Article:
The gruesome killing of a woman last month in Mt Hagen for the charge of witchcraft or sorcery has been roundly condemned by all and sundry. This may appear an inexcusable act perpetrated by uneducated and illiterate village folk but the first step to solving any problem is understanding. What makes a normally sane person/s act in such a barbaric manner to another fellow human being? And, more importantly, what are the factors that make such violent and brazen acts still prevalent in the 21st century? The belief systems in Papua New Guinea are very much dominated by culture and tradition. Such significantly social norms such as marriages, deaths, lineal relationships, conflict resolution, leadership and decision making are still oriented toward our cultural roots. Christianity and western philosophies (education) on law and order and moral conduct are not always aligned with how our ancestors ordered their lives. Unfortunately, many people in this country still hold fast to customary practices that seem out of sync with the modern course that we tread in these times. One must remember that around 70% of Papua New Guineans are classified as rural-based and subsistence farmers.  That means many people are illiterate or uneducated and continue to cling to what they know.  We must not discount the strength of these beliefs no matter how antiquated, how backward or counter-productive we may consider them to be. The point here is that the people (Papua New Guineans), for better or for worse, believe wholly in their ancestral traditions. It is presumed that every society that inhabits this land has in their oral tradition stories and rituals regarding the spirit world and the super natural powers that are supposed to exist alongside man in the environment. These beliefs are what they use to explain the various occurrences such as death, personal misfortune, calamitous events and the like. There must be an explanation to every event. Beliefs are powerful no matter how crooked or unethically they may appear. The young woman burned alive last month may have been as innocent as the next person of any particular crime in the eyes of the law but her killers were acting within the confines of their beliefs. They justified it as such and carried out their actions without consideration for the consequences. They were acting for the good by removing an evil or a blemish on their community they believed existed. The people, who perpetrate these heinous crimes, are for the most part normal functioning members of their societies. In certain parts of the Islamic world women and girls are stoned to death for perceived transgressions against the moral code adhered to by Muslims. This is an extreme interpretation of Sharia law but that is not to say that is not done based entirely on belief. History also shows instances of people killing for their beliefs no matter how unfounded they may appear today. The witch trials of Salem, Massachusetts, in the late 1600s shows that even the governing authority of the day was not immune from acting on claims and accusations that could not be quantified or scientifically proven – it was all done on hearsay and largely a matter of what society held as evil and needed to be destroyed. The question now is how do we eradicate this practice in PNG? Making laws specific to the crime is the obvious solution.  Going as far as treating these acts as capital crimes should be a formality. Enforcing these laws is the real challenge. There cannot be any justification to behave this way in a country that not only claims to be Christian and professes to follow religious doctrine as its core truth but is in the on the path to assimilate completely to a modern world. Education or enlightenment must be a long term solution to putting an end to sorcery killings. People must understand that no matter how profound their belief, this is neither the time not the place to be killing on the misguided assumption that they are doing the right thing.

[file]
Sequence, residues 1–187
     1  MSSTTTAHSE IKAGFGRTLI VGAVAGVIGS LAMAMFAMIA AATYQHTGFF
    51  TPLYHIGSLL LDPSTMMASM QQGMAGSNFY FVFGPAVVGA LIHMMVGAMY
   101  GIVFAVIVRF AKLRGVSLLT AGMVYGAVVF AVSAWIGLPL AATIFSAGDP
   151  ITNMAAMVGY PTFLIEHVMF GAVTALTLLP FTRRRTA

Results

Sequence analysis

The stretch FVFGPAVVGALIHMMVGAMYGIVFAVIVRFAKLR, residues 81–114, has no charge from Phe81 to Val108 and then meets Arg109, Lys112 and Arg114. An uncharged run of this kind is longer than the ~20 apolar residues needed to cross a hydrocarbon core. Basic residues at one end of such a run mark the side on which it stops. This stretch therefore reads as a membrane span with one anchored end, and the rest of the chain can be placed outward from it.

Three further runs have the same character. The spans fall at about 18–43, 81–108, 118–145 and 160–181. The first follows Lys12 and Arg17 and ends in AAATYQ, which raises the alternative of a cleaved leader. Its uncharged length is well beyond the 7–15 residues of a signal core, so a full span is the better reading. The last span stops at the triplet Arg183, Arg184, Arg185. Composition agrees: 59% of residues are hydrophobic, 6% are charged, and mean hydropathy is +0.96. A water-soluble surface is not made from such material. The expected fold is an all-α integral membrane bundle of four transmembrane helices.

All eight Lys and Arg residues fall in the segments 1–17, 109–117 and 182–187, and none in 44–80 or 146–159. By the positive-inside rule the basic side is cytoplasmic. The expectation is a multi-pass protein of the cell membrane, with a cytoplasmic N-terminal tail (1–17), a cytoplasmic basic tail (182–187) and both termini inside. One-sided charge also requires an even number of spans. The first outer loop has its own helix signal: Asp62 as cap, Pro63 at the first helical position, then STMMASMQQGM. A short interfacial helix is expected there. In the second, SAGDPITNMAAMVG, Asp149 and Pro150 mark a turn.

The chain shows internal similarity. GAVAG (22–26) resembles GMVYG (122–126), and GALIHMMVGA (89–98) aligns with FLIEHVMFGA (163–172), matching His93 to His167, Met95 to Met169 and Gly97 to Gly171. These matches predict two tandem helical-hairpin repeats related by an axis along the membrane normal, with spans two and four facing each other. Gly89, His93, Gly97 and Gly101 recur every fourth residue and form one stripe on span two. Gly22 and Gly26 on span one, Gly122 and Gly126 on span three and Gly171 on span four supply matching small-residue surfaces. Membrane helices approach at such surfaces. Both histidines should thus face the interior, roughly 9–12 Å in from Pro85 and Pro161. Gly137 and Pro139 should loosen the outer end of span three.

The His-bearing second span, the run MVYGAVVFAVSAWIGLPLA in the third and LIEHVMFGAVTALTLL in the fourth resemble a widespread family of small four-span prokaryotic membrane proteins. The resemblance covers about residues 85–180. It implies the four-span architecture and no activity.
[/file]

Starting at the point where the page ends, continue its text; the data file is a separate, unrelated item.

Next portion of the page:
Urgent laws on sorcery required

Post Courier 4 March